Airline CEOs appearing at the recent African Airlines Association (AFRAA) annual general assembly in Rabat, Morocco, touted an improving safety record on the continent and lamented what they called a misperception by the international community that paints African air transport as substandard.
Suffering no jet hull losses for two years running and following two years of no fatalities involving any airline aircraft type, Africa has demonstrated progress in the area of safety. However, the international community appears far from satisfied. According to the International Air Transport Association, only 24 African states comply with at least 60 percent of the Standards and Recommended Practices (SARPs) set by the International Civil Aviation Organization.
“Quite simply, that is not good enough for an industry that depends on global standards for safety,” said IATA director general Alexandre de Juniac, who added that governments across the continent need to ensure the independence of safety oversight bodies and cooperate regionally, where pooled resources can improve both speed and efficiency.
Ethiopian Airlines Group CEO Tewolde GebreMariam noted that most of Africa’s safety problems are isolated to only a few of the continent’s 54 countries. “It is very unfortunate that safety in Africa is made a point of discussion in conferences like this one,” he said. “Because of this very small number of countries where there are safety issues, the whole continent is affected. There is a collateral damage in terms of reputation.”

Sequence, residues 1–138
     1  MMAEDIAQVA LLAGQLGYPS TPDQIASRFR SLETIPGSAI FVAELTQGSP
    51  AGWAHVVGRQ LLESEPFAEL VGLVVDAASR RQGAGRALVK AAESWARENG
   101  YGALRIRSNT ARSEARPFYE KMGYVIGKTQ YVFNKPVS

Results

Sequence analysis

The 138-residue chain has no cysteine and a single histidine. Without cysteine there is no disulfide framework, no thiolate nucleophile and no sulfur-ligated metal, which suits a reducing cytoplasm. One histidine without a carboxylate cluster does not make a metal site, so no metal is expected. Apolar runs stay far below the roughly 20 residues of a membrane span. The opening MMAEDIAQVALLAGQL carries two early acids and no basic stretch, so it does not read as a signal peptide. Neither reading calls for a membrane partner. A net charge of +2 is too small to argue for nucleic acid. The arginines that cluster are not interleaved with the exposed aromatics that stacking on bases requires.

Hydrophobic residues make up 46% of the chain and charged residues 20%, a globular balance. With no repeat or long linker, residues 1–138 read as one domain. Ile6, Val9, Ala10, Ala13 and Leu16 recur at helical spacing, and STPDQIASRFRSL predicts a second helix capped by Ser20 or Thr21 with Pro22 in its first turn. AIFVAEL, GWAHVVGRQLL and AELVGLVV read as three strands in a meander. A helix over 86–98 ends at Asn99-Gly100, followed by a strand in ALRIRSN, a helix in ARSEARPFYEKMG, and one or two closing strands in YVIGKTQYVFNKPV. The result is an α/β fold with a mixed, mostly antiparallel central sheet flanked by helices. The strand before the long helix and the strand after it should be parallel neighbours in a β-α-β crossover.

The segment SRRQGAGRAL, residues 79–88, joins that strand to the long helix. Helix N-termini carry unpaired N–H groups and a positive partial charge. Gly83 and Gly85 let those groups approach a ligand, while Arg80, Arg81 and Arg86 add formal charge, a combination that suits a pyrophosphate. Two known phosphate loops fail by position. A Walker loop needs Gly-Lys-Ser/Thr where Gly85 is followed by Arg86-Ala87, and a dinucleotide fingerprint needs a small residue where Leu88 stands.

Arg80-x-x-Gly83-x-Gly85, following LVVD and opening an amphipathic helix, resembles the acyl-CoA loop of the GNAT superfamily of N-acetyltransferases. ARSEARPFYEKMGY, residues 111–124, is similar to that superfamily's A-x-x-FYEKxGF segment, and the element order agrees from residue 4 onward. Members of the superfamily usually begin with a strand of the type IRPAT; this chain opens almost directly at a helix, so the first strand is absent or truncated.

GebreMariam cited carriers such as Royal Air Maroc, Ethiopian Airlines, and Kenya Airways (KQ) as more accurate representations of Africa’s compliance with global safety standards. He added that a commitment to safety must amount to more than an effort to pass audits. “Safety has a paramount importance in an airline business,” he said. “And it has to be built in the DNA of the airline in all sectors of business of the airline.”
In fact, GebreMariam complained that safety oversight has become overly complex and overlapping. “Primarily there is a national government safety oversight,” he explained. “Then we have regional safety oversights for instance like EASA in Europe [and the] FAA in the U.S. There is also international oversight rules of ICAO and IOSA. Most of these oversight requirements and standards are similarly expressed in different forms so there is an overlap.”
Sebastian Mikosz, group managing director and CEO of Kenya Airways, argued that safety standards in Africa do not differ materially from those in Europe. “We are under constant control,” he said. “We are under scrutiny all day long. The scrutiny is coming from EASA, FAA, from our civil aviation authorities, from OEMs who come to see if we are operating the planes properly and how our maintenance and engineering department is doing.”
Mikosz echoed GebreMariam’s sentiments about overlapping oversight and urged delegates to compare Africa’s safety record with those of other regions. “I would not be concerned about safety in Africa because all the global safety standards are being implemented,” he said. “I would rather be concerned with over implementation of standards. When we can do one procedure we do three, which make African carriers less competitive.”